Three students from the University of Westminster have been nominated for the Architects’ Journal Student Prize 2020 in the entry categories undergraduate, postgraduate, and the Sustainability Award.
For the first time, the AJ Student Prize was open to 54 Architecture schools across the UK which are all RIBA and ARB accredited. This year showed the highest amount of entries since the launch of the award, making it one of the most ambitious years yet.
One of the Westminster nominees Bilal El-Figuigui, who is an undergraduate student studying on the Architecture BA Honours course at Westminster, created a project titled The Nest Tower. The aim of the project was to create a residential scheme which is realistic, sustainable and economical with lots of shared community space. The design displays a vertical co-living beacon in Leyton, Waltham Forest, highlighting the importance of quality of life for residents. The Nest Tower is not only designed for people, there is space for local birds too.
Another nominee Thomas Riddell-Webster, who is a postgraduate student studying on the Master of Architecture (MArch) (RIBA Pt II) course at Westminster, designed a project he titled The Melting City. It challenges the effects of globalisation in Hanoi, the capital of Vietnam. The project proposes to use the city’s 1,000-year-old tradition of kite flying as a mechanism for cultural reconstruction. The natural resources of the city are acknowledged, and its traditions are celebrated.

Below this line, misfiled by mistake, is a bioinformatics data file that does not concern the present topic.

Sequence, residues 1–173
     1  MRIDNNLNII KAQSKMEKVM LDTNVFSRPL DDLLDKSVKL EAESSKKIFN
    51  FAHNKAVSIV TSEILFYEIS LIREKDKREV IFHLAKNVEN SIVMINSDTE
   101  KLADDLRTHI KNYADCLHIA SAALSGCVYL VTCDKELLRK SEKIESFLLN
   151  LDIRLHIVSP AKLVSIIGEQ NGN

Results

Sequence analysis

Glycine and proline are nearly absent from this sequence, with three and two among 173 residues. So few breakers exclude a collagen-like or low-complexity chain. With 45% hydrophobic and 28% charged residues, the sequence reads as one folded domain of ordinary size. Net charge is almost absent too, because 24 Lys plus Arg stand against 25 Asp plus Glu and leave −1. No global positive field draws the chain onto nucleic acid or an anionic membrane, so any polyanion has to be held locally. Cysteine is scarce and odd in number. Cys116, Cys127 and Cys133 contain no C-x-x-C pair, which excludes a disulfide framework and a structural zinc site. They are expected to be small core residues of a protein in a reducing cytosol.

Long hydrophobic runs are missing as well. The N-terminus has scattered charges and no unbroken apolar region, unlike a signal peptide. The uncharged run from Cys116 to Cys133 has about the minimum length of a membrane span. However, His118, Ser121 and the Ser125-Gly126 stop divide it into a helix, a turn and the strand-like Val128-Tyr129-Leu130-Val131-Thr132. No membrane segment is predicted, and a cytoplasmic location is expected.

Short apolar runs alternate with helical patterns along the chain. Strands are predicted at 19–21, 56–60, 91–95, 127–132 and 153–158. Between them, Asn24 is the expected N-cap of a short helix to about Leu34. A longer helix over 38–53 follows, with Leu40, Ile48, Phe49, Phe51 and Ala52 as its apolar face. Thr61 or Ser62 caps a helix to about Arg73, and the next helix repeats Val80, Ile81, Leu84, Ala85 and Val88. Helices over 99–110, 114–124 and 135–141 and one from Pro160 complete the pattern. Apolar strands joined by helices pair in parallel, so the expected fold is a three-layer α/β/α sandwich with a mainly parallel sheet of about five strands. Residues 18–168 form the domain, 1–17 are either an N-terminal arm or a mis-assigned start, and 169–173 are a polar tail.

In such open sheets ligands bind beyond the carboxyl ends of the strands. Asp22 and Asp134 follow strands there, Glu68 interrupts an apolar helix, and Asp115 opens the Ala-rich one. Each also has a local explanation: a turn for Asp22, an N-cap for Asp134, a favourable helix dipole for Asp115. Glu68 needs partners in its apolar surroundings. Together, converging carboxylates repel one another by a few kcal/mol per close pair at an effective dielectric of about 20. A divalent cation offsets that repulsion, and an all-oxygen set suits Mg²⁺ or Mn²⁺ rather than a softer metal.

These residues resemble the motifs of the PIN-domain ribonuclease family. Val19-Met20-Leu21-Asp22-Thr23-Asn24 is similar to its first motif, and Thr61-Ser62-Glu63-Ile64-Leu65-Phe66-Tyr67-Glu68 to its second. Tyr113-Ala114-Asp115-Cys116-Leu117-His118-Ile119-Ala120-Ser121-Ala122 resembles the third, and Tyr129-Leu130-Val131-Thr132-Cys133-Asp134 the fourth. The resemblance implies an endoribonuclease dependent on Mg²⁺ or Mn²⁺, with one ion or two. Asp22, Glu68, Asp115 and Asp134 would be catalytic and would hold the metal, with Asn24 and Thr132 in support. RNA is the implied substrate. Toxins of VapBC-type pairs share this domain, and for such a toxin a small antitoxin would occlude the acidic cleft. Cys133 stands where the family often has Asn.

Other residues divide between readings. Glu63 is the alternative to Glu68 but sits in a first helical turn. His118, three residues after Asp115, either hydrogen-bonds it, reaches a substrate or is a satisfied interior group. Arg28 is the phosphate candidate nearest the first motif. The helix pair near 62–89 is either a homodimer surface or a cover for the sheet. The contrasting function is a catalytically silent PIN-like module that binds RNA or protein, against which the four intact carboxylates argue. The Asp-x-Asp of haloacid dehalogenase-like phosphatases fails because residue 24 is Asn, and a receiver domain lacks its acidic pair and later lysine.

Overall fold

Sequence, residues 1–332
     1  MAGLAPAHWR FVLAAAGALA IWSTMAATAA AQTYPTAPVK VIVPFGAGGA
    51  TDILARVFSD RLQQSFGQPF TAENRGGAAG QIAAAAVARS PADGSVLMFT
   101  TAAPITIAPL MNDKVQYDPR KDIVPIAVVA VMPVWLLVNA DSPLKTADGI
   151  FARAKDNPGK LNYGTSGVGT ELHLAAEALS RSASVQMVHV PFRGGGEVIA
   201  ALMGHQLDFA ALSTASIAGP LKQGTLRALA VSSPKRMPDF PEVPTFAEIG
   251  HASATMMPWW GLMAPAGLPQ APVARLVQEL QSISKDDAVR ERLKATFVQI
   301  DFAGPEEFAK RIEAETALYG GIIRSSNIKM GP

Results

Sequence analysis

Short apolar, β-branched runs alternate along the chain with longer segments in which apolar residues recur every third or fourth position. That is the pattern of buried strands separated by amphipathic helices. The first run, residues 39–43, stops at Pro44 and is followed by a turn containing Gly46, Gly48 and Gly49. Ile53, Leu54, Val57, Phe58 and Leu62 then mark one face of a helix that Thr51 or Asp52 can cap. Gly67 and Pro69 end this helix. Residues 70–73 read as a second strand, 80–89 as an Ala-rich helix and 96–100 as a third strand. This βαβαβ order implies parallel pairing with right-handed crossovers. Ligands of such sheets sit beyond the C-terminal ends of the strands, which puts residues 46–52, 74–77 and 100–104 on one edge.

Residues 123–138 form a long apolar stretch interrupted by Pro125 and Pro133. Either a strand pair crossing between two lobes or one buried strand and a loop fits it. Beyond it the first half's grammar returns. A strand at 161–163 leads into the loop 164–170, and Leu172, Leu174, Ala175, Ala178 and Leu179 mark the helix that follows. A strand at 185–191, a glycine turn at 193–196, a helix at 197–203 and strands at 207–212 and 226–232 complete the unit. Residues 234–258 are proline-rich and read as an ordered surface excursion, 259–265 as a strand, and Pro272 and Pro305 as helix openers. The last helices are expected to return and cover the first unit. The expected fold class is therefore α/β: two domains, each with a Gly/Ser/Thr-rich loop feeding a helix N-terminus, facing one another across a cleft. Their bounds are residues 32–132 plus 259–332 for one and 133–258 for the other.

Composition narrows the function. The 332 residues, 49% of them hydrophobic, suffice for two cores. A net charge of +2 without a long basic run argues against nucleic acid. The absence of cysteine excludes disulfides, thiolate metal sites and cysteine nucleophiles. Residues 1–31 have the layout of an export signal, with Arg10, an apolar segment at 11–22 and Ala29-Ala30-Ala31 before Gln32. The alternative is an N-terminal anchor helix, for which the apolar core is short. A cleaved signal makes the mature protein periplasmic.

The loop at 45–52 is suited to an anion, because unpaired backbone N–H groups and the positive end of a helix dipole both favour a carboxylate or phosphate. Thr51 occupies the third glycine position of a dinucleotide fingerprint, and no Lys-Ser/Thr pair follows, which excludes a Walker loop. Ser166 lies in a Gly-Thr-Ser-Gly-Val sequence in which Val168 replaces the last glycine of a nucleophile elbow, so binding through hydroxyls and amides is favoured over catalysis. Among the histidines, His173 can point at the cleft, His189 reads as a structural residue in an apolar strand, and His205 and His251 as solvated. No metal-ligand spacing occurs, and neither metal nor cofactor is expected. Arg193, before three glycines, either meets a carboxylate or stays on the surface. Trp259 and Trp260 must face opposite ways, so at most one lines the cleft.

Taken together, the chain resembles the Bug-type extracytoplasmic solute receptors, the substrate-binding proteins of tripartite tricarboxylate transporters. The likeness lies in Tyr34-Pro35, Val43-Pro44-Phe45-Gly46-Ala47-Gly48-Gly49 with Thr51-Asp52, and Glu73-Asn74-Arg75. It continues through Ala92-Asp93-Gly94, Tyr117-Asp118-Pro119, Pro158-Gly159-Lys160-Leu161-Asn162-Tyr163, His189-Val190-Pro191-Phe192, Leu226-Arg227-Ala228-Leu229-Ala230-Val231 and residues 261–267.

Riddell-Webster said: “It feels great to be nominated, very unexpected. Finishing an Architecture masters in lockdown was a real challenge so it’s nice to know that it didn’t damage my project too much. My tutors have been amazing over the last two years! They pushed me to realise my potential in the studio and were patient and generous with their time over Skype during lockdown. They work extremely hard and care a lot about their students, I owe them a huge amount.”
Gaby Bucknall, also a postgraduate studying on the Master of Architecture (March) (RIBA Pt II) course, was nominated for the Sustainability Award which is a prize that has only been running for two years. This award was created to highlight how innovative the students are in facing the current and demanding environmental issues and social pressures of the world. Bucknall’s project aims to address the problems surrounding invasive moth species in Northern Norway.
Bucknall said: "I was completely surprised and honoured to be nominated for the AJ Sustainability Award, especially given the unusual and unstable working conditions, brought about by coronavirus, this year. My tutors, John Cook, Ben Pollock and Laura Nica have been extremely supportive all year and have guided me through a very exciting, but at times challenging, brief. I enjoyed every moment of this year and I am grateful for their hard work and guidance. They gave me the courage to have confidence in my ideas, without which I do not think I would have been nominated for the award."
Find out more about the Architecture and Interiors courses taught at the University of Westminster.